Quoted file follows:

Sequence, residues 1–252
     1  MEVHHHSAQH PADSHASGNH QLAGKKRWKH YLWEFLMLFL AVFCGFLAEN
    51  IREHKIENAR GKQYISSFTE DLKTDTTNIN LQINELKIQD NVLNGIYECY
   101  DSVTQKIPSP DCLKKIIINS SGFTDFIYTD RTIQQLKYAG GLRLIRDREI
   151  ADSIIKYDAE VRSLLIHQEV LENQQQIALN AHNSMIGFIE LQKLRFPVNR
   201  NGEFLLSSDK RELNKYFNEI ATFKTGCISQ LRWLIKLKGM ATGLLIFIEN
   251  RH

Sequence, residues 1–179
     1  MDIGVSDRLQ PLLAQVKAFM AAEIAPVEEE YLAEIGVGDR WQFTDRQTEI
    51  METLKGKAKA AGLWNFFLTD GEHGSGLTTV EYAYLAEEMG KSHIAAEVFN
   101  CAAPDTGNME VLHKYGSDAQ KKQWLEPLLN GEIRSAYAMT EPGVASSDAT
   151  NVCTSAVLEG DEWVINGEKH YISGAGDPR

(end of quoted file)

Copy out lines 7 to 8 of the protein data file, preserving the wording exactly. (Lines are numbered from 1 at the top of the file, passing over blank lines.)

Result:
   251  RH

Sequence, residues 1–179